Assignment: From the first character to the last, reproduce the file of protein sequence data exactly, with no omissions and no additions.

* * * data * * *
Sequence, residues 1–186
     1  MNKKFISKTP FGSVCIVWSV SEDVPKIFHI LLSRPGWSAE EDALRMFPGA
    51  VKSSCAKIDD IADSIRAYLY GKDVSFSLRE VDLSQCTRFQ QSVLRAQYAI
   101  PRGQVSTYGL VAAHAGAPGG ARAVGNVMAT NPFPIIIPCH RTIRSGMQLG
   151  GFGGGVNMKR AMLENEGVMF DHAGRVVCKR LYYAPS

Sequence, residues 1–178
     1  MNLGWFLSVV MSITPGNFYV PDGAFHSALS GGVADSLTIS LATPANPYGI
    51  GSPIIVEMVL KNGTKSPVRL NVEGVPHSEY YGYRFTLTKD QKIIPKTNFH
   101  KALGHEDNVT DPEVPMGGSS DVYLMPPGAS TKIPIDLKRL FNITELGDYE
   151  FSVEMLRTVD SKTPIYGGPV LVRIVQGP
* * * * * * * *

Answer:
Sequence, residues 1–186
     1  MNKKFISKTP FGSVCIVWSV SEDVPKIFHI LLSRPGWSAE EDALRMFPGA
    51  VKSSCAKIDD IADSIRAYLY GKDVSFSLRE VDLSQCTRFQ QSVLRAQYAI
   101  PRGQVSTYGL VAAHAGAPGG ARAVGNVMAT NPFPIIIPCH RTIRSGMQLG
   151  GFGGGVNMKR AMLENEGVMF DHAGRVVCKR LYYAPS

Sequence, residues 1–178
     1  MNLGWFLSVV MSITPGNFYV PDGAFHSALS GGVADSLTIS LATPANPYGI
    51  GSPIIVEMVL KNGTKSPVRL NVEGVPHSEY YGYRFTLTKD QKIIPKTNFH
   101  KALGHEDNVT DPEVPMGGSS DVYLMPPGAS TKIPIDLKRL FNITELGDYE
   151  FSVEMLRTVD SKTPIYGGPV LVRIVQGP